• time of day;
    • proxy availability;
    • potentially using recently cached information in place of realtime information;
    • one or more rules associated with an information source.
    • an activity/load at a realtime information source; and, in the case of an airline availability server:
    • time to departure;
    • market importance;
    • frequency of prior availability changes;
    • currently cached availability count; and
    • type of transportation.

Referring back to step 1208 in FIG. 12C, when real-time information is selected, processing proceeds to step 1214, where real-time information is retrieved from one or more information sources.

FIG. 13C illustrates an example implementation of 1214. Processing begins at step 1310, which includes identifying one or more real-time information sources, if not previously identified. A real-time information source may already have been identified in step 1208, for example, in determining whether to retrieve information from cache or from a real-time information source.

One or more realtime information sources can be selected based on one or more of a variety of factors and/or rules. Information contained in the query may be applied to one or more rules for accessing information source.

For example, in an airline availability server implementation, one or more airlines may be associated, by rules or other mechanism, with one or more information sources. Other factors may also be considered, such as a time of day. For example, certain information sources may have better or worse availability at different times of day. Other factors that could be considered include, without limitation, agreement terms with the information source. In addition, or alternatively, information source selection can be based, in whole or in part, on one or more operational parameters of information sources. Operational parameters can be monitored or received from the information source directly.

After the information source(s) is identified, processing proceeds to step 1308, which includes identifying one or more proxies, if not previously identified. Step 1308 can be performed with or without step 1306, and vice versa. Step 1308 may already have been performed as part of step 1208. In an embodiment, where a proxy priority queue is maintained, step 1308 is performed by popping the highest priority proxy record from the proxy priority queue. If no proxy record is presently available in the proxy priority queue, the processing may wait at step 1308 for an available proxy.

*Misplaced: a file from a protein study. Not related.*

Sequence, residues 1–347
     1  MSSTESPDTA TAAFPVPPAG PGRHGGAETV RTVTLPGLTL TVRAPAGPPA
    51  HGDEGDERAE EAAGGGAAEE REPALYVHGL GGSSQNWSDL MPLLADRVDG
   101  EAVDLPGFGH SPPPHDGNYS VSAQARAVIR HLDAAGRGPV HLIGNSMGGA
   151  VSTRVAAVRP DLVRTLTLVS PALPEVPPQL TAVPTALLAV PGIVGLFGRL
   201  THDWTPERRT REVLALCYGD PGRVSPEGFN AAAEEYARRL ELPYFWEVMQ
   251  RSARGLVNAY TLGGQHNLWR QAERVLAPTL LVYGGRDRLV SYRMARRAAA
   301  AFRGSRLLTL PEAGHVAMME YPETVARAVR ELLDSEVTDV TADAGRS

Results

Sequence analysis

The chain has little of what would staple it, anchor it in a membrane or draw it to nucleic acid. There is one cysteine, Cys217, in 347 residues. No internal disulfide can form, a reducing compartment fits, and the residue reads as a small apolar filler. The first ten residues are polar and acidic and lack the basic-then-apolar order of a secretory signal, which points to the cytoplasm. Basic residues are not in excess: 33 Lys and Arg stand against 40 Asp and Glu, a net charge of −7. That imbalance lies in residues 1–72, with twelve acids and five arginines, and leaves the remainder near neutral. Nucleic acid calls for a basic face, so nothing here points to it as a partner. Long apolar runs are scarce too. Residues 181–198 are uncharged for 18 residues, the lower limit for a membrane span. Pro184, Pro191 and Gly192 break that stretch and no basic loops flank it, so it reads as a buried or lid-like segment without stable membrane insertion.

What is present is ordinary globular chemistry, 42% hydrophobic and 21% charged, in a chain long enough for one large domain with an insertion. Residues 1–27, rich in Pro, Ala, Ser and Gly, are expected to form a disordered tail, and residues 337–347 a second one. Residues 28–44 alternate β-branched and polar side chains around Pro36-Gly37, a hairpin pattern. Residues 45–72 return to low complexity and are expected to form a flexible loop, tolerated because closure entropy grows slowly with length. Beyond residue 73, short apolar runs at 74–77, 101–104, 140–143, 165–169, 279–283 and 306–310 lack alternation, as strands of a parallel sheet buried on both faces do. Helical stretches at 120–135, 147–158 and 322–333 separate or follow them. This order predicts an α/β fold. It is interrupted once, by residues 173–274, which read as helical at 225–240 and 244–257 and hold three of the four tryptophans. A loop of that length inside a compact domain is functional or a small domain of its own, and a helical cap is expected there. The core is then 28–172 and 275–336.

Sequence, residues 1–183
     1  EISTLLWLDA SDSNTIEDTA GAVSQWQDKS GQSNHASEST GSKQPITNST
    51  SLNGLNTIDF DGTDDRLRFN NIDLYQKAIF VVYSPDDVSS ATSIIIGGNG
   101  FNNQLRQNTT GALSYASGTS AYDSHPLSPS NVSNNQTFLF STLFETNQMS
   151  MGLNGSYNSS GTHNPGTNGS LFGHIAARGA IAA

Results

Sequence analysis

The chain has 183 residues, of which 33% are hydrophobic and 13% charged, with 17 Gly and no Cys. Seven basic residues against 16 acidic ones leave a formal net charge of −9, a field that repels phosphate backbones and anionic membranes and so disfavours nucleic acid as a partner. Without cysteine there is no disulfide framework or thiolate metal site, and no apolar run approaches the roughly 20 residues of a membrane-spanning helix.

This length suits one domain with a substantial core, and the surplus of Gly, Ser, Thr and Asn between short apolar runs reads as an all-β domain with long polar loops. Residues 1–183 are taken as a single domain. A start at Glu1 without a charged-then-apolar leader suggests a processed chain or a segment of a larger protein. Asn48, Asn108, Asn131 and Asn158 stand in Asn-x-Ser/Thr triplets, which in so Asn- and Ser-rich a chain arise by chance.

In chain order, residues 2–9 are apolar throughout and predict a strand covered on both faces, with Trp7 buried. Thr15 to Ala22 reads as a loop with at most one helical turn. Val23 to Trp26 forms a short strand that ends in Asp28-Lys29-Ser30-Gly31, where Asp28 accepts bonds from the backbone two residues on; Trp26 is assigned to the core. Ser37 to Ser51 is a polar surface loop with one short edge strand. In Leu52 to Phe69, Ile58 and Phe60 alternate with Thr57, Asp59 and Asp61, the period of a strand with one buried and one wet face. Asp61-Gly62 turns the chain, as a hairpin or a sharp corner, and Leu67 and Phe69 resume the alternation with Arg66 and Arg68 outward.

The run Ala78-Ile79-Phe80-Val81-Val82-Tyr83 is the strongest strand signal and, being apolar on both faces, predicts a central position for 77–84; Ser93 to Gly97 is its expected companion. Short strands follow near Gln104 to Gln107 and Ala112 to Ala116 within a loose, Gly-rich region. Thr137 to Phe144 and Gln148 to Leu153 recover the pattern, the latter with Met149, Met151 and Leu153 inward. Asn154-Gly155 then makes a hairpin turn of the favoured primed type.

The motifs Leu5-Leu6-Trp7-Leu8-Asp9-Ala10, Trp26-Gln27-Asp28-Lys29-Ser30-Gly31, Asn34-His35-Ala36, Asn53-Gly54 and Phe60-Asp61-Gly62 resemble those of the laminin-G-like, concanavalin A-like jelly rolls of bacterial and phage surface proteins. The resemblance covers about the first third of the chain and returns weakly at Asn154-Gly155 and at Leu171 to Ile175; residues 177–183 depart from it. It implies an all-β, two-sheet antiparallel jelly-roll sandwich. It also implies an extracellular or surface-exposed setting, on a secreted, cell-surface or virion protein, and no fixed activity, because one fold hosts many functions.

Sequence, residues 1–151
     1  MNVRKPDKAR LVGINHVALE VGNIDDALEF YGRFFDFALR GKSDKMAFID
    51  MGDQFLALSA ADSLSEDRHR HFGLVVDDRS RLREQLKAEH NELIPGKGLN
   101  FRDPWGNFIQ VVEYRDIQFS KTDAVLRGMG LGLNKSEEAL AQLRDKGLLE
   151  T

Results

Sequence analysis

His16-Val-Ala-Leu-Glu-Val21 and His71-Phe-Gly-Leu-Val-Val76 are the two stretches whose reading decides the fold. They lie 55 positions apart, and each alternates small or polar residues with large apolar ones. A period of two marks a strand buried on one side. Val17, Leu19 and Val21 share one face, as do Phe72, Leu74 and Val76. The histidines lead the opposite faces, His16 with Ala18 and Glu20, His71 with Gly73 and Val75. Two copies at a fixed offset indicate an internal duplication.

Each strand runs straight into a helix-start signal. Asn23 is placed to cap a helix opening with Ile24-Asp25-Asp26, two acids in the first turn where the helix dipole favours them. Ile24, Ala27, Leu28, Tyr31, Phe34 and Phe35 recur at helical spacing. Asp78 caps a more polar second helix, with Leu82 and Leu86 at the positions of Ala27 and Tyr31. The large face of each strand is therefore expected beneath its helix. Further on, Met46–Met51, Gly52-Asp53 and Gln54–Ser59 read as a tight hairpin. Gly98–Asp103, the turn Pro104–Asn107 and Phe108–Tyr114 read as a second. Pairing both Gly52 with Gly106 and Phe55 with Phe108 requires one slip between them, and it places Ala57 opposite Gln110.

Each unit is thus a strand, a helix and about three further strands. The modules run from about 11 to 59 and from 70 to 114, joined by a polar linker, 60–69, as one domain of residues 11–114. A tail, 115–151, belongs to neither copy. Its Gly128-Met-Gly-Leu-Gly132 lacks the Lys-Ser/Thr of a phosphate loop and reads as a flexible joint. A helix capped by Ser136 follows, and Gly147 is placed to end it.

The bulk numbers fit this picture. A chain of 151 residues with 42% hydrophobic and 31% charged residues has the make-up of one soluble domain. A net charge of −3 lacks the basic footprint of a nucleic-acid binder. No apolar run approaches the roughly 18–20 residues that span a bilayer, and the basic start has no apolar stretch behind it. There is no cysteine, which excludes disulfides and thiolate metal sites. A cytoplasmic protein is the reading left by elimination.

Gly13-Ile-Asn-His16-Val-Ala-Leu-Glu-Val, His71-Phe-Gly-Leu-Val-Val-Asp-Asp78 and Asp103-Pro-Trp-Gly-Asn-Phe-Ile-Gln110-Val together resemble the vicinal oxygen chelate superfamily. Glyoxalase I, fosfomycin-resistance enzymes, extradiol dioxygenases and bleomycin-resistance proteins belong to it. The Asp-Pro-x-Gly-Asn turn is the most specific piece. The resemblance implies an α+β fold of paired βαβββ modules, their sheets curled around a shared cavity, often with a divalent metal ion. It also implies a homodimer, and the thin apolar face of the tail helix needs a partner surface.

Step 1310 includes querying the one or more target information sources through the one or more proxies identified in steps 1306 and 1308, respectively.

Referring back to FIG. 12C, after step 1214, processing proceeds to step 1216, caching the retrieved real-time information. Where caching is not implemented, step 1216 is omitted.

In step 1216, the received realtime information is cached.

In step 1218, a determination is made as to whether the query that was processed in step 1212 was in response to a client query. Step 1218, is optional, and is generally performed where and is intended to be performed where proactive queries are performed. For example, where proactive queries are generated to populate a cache and/or to update a cache. Such queries are not, necessarily, in response to a client query. Where with a query was not in response to a client query processing proceeds to step 1220, which asks, whether another query is to be processed. If not, processing stops. If so, processing proceeds to step 1222, initiate another process 1205.